Andrew Norton from the Grattan Institute says the modest university ‘reforms’ signalled for the budget will entrench the status quo, and will affect universities more than students.
George Morgan says the universities are drifting to mediocrity, and these cuts will not help.
The headline figure is a saving of $2.8 billion over the forward estimates, and a 7.5% increase in student fees over the period. Total Commonwealth Government payments to universities over the next four years amount to of $74bn, so the impact of this $2.8bn reform package is less than 4% of the revenues to universities from taxpayers and students, according to Simon Birmingham.
Moreover, the universities can well afford it, says he, because a Deloitte Access Economics study showed that:
- between 2010 and 2015, the average cost of delivery per student increased by 9.5%, while per student funding grew by 15% (including student contributions and commonwealth grant scheme funding).
The extra cost to students will be between $2000 and $3600 for a four-year degree. Norton says that in most cases the extra charges will add less than a year to student loan repayment periods, and will not fundamentally change the economic appeal of higher education.
Changes are being made to the repayment conditions, including a one per cent levy on earners from $42,000 pa. Debtors now pay at least 4 per cent of their income from $55,000. This is a change Norton recommended.
There are other changes, designed to improve debt repayment. Presently a quarter of the $52 billion owed is not expected to be repaid.
Norton says the central issue is an effective efficiency dividend of almost 5% on the main teaching grant which cannot be offset from other sources. Universities have driven efficiency, however Morgan says:
- what passes for efficiency can often compromise the quality of education. It can mean giving students fewer curriculum choices, increasing class sizes, reducing face-to-face hours, teaching them with casual staff and substituting classroom teaching with “digital delivery”.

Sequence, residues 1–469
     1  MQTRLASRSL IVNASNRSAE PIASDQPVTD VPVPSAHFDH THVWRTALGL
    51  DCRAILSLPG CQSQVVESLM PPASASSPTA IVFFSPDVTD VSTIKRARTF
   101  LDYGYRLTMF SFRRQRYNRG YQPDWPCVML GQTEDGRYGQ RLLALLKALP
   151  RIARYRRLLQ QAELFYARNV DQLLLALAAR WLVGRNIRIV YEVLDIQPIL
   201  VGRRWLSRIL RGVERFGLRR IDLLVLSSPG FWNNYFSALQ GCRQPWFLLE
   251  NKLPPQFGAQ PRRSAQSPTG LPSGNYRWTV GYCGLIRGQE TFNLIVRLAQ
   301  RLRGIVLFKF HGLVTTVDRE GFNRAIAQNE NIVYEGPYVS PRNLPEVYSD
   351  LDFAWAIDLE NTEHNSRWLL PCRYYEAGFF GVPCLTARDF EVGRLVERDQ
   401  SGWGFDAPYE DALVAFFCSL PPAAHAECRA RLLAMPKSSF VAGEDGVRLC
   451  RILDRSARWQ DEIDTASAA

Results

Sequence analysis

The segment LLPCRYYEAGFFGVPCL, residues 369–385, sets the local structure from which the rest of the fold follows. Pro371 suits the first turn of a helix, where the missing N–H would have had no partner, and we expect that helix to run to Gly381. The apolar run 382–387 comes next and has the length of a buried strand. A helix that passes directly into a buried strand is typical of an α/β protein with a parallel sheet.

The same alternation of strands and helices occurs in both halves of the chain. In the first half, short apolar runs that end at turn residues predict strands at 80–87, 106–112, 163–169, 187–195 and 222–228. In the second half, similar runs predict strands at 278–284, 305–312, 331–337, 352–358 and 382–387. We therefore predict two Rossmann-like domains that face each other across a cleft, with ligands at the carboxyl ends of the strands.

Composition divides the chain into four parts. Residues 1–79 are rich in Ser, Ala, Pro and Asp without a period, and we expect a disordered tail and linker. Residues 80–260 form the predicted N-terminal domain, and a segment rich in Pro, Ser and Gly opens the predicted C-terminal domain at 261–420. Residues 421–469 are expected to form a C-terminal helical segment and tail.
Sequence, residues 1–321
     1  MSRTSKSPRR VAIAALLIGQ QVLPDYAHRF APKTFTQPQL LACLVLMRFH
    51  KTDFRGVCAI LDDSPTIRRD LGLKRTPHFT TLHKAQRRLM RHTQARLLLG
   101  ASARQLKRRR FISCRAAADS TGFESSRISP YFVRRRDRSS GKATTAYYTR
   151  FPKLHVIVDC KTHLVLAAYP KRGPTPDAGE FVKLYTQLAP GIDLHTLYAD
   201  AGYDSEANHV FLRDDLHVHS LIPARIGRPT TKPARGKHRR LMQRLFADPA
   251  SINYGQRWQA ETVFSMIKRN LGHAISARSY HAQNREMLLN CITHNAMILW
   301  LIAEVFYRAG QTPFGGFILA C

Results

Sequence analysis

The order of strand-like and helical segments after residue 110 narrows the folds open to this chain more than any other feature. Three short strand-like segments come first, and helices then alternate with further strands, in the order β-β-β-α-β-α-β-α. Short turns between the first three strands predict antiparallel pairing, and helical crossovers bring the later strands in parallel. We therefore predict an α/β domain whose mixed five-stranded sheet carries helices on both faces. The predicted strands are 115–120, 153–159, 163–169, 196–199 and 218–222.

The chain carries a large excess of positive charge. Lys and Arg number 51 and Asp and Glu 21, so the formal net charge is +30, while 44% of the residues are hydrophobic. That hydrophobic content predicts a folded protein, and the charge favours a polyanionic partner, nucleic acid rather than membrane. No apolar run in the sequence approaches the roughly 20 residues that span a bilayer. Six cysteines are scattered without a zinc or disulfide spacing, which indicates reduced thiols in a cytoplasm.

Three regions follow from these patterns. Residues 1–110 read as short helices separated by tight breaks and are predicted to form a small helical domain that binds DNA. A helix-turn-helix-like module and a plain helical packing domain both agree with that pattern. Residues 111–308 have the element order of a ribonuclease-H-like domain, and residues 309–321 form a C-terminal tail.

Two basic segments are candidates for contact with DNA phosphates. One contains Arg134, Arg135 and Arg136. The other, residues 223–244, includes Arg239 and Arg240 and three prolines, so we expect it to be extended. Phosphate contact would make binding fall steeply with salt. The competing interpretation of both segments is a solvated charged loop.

I understand that semesters have commonly been reduced from 13 weeks to 12. As much of the teaching is done by sessional lecturers, that constitutes pure savings. Also I understand that they prefer doctoral students over PhDs. Certainly they like to give their own PhD students a slice of the action, but doctoral students are also cheaper.
Norton says that for some universities, the efficiency dividend may not be their main problem.
- In addition, 7.5 per cent of the teaching grant will be paid on a performance basis. In a briefing for universities, government officials played down the financial risk this posed, suggesting that it was unlikely any university would lose the full 7.5 per cent. But significant sums will ride on indicators such as student retention rates and graduate employment levels, over which universities have, at best, partial control.
Another subtle change is that teaching is being decoupled from research. The Dawkins ‘reforms’ of the early 1990s eliminated the colleges of advanced education as teaching only institutions. The requirement to do research is not universal across the OECD, so perhaps no harm is being done.
On the surface, universities have escaped the horror of a 20% cut as per the 2014 budget. However, that cut would have also given them the freedom to set their own fees. The ostensible modesty of the present proposed cuts means that while the Greens and Labor will oppose them, they are likely to pass the cross-bench. Xenophon has made encouraging noises, and there is an anti-intellectual strain in One Nation’s DNA.
This anti-intellectual attitude goes well beyond One Nation in Australia. Universities have already contributed around $4 billion to balancing the budget since 2011.
We should be careful, however. University education is our biggest services export industry, and after the US and the UK attracts the greatest share of full fee-paying Asian students. Our friends across the Tasman are not happy, because they too will have to pay full fees.
Germany in 2014 decided that university education would be free for German and international student from 2016-17. One wonders how long that will last, but in Australia such a decision would be unthinkable.